Hard line on flood risk sequential test

31 Oct 2023

An appellant failed to benefit from the recent High court judgment in Wathen-Fayed v SSLUHC [2023] confirming that inspectors have discretion whether to apply the sequential test required by national flood risk policy. The appellant drew attention to the judgment which identified relevant factors to be taken into account in applying this discretion, such as the view of the local lead flood authority (LLFA), the advice of a flood risk assessment and the strategic flood risk assessment, as well as conditional controls.

The appellant proposed to erect a house on a site within flood zone one, at low risk from river and sea flooding, but Environment Agency mapping showed that the site was subject to surface water flooding equating to a low-to-medium level of risk. However, on the basis of finished floor levels and a surface water drainage system secured by condition, the LLFA did not object to the scheme (400-042-678).

Unfortunately for the appellant, the inspector noted that the Wathen-Fayed judgment related to a previous version of PPG that had been superseded by an amended version making clear the sequential test is the most effective way of addressing flood risk by placing the least reliance on property-level resilience features, and the judgment therefore had limited relevance. Revised PPG sought pragmatism but only in respect of minor development such as small extensions and not new houses.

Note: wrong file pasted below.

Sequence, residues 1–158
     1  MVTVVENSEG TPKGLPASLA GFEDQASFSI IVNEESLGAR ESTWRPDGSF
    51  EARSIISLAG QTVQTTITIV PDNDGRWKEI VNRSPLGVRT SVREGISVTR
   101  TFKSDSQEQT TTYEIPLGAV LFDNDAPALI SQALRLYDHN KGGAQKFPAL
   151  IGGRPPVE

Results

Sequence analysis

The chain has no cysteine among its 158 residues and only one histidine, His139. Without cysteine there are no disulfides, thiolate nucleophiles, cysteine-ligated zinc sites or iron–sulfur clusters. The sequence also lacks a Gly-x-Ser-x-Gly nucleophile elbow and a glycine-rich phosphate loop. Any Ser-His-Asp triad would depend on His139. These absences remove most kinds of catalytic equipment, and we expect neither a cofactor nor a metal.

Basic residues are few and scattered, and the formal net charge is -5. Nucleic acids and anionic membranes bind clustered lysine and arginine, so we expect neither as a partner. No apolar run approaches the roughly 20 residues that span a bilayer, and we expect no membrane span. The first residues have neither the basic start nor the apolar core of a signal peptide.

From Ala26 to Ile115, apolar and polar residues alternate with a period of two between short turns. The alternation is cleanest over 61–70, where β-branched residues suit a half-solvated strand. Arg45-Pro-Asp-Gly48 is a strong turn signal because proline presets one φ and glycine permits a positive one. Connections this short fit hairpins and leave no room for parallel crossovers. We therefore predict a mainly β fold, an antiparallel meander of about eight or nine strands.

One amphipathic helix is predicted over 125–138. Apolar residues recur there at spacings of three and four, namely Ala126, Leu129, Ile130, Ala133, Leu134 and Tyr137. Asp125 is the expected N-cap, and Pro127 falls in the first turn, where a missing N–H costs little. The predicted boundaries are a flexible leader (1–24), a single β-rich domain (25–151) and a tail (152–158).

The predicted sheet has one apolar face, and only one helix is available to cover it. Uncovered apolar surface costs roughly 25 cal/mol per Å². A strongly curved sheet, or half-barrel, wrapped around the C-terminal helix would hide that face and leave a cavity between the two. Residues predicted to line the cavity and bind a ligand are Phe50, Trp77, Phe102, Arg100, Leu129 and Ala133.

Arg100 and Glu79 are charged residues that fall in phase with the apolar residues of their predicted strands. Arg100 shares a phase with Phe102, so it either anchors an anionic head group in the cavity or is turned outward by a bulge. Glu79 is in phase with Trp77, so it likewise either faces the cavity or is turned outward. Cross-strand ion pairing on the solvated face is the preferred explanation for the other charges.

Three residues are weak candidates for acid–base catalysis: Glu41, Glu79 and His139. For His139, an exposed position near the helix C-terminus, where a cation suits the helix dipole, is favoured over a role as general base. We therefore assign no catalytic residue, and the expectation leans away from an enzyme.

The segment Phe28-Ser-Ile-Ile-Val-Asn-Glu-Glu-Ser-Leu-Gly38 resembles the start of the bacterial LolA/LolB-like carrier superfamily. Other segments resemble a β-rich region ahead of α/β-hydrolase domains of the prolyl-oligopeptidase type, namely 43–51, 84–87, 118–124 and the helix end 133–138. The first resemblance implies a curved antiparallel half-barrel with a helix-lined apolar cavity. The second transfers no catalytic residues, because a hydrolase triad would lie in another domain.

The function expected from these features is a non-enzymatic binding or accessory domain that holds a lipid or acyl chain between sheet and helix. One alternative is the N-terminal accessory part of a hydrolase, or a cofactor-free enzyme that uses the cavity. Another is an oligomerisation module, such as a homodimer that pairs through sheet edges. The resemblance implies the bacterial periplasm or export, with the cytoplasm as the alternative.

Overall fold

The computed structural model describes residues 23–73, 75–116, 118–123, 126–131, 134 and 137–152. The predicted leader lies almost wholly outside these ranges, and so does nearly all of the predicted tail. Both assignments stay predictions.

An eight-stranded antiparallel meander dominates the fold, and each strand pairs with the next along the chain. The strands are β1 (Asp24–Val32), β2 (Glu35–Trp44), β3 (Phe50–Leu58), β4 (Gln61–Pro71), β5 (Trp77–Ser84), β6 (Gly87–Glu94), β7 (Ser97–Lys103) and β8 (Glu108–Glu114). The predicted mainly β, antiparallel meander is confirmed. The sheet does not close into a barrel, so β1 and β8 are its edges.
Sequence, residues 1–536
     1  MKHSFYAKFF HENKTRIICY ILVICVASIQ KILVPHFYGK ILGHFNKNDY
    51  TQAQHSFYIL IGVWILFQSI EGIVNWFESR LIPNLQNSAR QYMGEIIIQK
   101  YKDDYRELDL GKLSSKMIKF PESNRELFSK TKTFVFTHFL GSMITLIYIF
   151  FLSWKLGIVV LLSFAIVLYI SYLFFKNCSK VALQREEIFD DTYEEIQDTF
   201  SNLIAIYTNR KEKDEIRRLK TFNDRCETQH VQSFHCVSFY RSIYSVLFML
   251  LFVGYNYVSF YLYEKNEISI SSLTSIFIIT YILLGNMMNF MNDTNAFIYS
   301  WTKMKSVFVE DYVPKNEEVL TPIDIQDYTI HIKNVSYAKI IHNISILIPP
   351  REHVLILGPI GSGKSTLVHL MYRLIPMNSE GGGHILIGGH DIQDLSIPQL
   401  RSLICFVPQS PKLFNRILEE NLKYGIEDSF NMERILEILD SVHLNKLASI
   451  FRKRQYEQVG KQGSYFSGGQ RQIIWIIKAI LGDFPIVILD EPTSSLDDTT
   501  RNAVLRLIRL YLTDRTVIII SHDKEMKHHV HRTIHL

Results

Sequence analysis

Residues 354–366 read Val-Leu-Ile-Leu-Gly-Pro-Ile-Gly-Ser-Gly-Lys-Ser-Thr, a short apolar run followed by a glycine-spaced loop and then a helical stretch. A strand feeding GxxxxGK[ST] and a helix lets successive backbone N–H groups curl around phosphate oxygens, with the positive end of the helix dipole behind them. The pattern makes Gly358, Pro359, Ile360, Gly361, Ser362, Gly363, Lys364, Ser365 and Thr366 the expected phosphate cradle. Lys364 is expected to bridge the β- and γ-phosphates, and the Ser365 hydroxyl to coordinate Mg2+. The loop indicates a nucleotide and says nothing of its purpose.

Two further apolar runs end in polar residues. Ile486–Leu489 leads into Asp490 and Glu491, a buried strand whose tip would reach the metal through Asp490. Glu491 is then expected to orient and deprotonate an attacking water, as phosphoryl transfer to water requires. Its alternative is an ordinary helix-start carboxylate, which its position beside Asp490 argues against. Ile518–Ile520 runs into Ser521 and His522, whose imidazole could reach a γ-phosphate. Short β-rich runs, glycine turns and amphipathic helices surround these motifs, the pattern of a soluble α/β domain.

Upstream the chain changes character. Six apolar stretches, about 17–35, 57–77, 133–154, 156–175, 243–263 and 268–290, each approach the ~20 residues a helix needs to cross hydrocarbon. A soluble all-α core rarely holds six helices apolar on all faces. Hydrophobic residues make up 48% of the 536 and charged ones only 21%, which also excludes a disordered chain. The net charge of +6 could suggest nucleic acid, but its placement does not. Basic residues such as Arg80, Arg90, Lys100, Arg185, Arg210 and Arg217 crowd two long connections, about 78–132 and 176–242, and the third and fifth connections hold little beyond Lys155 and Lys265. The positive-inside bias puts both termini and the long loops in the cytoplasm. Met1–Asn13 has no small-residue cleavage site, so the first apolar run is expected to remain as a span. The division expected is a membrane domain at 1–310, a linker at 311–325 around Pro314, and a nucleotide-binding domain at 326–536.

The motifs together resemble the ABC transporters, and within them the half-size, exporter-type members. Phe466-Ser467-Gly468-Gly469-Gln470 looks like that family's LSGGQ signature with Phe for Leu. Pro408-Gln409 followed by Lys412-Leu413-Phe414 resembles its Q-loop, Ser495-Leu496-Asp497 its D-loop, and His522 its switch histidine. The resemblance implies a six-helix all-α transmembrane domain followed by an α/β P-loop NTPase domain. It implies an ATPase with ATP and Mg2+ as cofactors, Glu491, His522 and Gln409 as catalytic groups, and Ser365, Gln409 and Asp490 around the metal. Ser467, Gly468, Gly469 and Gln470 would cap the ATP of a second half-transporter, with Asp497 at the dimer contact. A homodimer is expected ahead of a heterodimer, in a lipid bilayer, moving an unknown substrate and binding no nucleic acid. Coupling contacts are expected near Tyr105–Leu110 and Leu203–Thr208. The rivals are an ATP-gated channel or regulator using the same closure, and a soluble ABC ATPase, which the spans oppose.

The inspector concluded that the NPPF flood risk policy sequential test should be applied to the proposal and as no assessment of potential alternative sites had been demonstrated by the appellant, the test had not been satisfied and the appeal was dismissed.

Ministerial flood risk planning guidance and the application of the sequential test in practice is explored in DCP 4.1652.